Senators seeks ways to fund health careWASHINGTON — Confronting cost estimates as high as $1.6 trillion, Senate Democrats agreed Tuesday to scale back planned subsidies for the uninsured and sought concessions totaling hundreds of billions of dollars from private industry to defray the cost of sweeping health care legislation. At the same time, key Democrats disagreed openly among themselves over a proposed tax on health insurance benefits to pay for expanding coverage to the uninsured. And attempts to reach a compromise with Republicans over a role for government in the insurance marketplace proved elusive. Despite numerous uncertainties, Sen. Christopher Dodd, D-Conn., announced that the Senate Health, Education, Labor and Pensions Committee would begin formal work today on legislation to provide "successful, affordable, quality health care.”
Company, pair admit guilt in tainted ingredient caseKANSAS CITY, Mo. — A Las Vegas-based company and its owners have pleaded guilty to distributing a tainted ingredient used to make pet food that killed potentially thousands of animals. Sally Qing Miller, 43, and her husband, Stephen S. Miller, 56, along with their company, ChemNutra Inc., pleaded guilty Tuesday to some of the charges contained in a Feb. 6, 2008, federal indictment. The indictment alleged the Millers and ChemNutra, along with two Chinese companies, brought wheat gluten tainted with the chemical melamine into the U.S. It was then sold to pet-food makers, and thousands of cats and dogs reportedly became sickened or died.
MySpace decides to pare work force by nearly 30%LOS ANGELES — MySpace said Tuesday it is cutting nearly 30 percent of its work force in a bid to become more efficient, bringing its staffing level more in line with its more popular rival, Facebook. The move, the latest cost-cutting effort at the site, comes a day after data from a tracking firm show Facebook has caught up with MySpace in monthly U.S. visitors for the first time. The cuts amount to about 420 people, bringing the total number of My-Space’s U.S. staff to 1,000. As of May, Facebook had about 850 employees worldwide, most in the U.S.
Judge’s removal sought by lawyer in Dole caseLOS ANGELES — A Los Angeles lawyer is seeking removal of a judge who denounced him as an engineer of fraudulent legal claims against the Dole food company. Attorney Juan Dominguez, who is under orders to appear for a contempt hearing today, says in a motion filed by his lawyer that he was excluded from some hearings and not permitted to defend himself. Los Angeles Superior Court Judge Victoria Chaney has reported Dominguez to the State Bar of California and to federal prosecutors for investigation of multiple crimes. Chaney dismissed two lawsuits citing what she said was a scheme to extort Dole with claims by men who said they were banana workers harmed by pesticides on Dole plantations in Nicaragua in the 1970s. Evidence showed the men were not plantation workers and were recruited to lie.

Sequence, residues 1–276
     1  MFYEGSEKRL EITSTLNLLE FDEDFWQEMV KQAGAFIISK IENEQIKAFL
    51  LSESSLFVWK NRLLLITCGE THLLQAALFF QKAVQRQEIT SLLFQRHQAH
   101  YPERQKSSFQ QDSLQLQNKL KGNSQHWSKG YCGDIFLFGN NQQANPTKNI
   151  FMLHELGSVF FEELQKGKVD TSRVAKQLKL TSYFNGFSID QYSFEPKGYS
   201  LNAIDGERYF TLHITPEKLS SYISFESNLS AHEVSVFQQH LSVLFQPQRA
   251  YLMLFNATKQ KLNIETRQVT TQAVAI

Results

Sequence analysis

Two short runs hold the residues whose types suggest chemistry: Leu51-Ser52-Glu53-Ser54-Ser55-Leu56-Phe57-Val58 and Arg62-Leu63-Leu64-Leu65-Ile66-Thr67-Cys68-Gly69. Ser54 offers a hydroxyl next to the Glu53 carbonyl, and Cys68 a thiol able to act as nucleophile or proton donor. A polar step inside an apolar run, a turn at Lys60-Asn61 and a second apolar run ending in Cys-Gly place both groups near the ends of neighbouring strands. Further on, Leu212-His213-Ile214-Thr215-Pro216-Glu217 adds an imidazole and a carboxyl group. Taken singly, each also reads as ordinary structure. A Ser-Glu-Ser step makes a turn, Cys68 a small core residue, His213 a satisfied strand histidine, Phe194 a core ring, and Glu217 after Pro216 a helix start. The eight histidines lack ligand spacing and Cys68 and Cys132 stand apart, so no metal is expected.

Madoff, regulators agree on job restrictionsWASHINGTON — Federal regulators Tuesday reached a settlement with disgraced money manager Bernard Madoff that prohibits him from working in the securities industry. The deal doesn’t include monetary penalties. Madoff, who pleaded guilty to fraud, faces up to 150 years in prison, and is scheduled to be sentenced on June 29 in U.S. District Court in Manhattan Meanwhile, Two former employees of Bernard L. Madoff Securities LLC have filed lawsuits totaling $1.8 million against Madoff’s two sons. Richard Stahl and Reed Abend say in lawsuits filed Tuesday in Manhattan that while Madoff defrauded investors of $60 billion, his two sons cheated employees out of compensation they were owed.
Fed Reserve gets no bids for loans by deadlineWASHINGTON — Investors showed no appetite for a government plan intended to boost the availability of commercial real-estate loans. The Federal Reserve Bank of New York says it received no investor requests for loans by Tuesday’s deadline. Investors would use the money to buy newly issued securities backed by commercial real-estate loans. The Fed has been counting on this new option — part of the broader Term-Asset-Backed Securities Loan Program — to increase the availability of commercial real-estate loans, help prevent defaults and facilitate the sale of distressed properties. The program is intended to spark consumer and small-business lending. Investors have requested billions of dollars worth of loans under that part of the program.
New FDA boss pushing fruit, vegetable safetyWASHINGTON — Calling it "a critical time” for food safety, the Food and Drug Administration’s new chief said Tuesday she plans to strengthen steps to prevent contamination of fresh fruit and vegetables. Dr. Margaret Hamburg said the FDA must set and enforce tougher standards for the riskiest products — and a string of recent outbreaks linked to spinach, lettuce, tomatoes and peppers put fresh produce atop her list as she takes over the embattled agency. "We are focusing not on keeping a tally of how many inspections we do or how many drugs we approve but how do we make a difference in people’s lives,” Hamburg said. WORLD
China changes order on filtering softwareBEIJING — China’s authoritarian government has backed away from an order to load Internet-filtering software on every new computer after a major outcry by citizens used to the relative freedom of online life. Legal challenges, petitions and satirical cartoons had been part of a broad grassroots effort to scuttle the initiative since it was announced earlier this month. A Ministry of Industry and Information Technology official said Tuesday that Chinese computer users are not required to use or install the Green Dam Youth Escort software — though the software will come preinstalled or be included on a compact disc with all PCs sold on the mainland from July 1. FROM WIRE REPORTS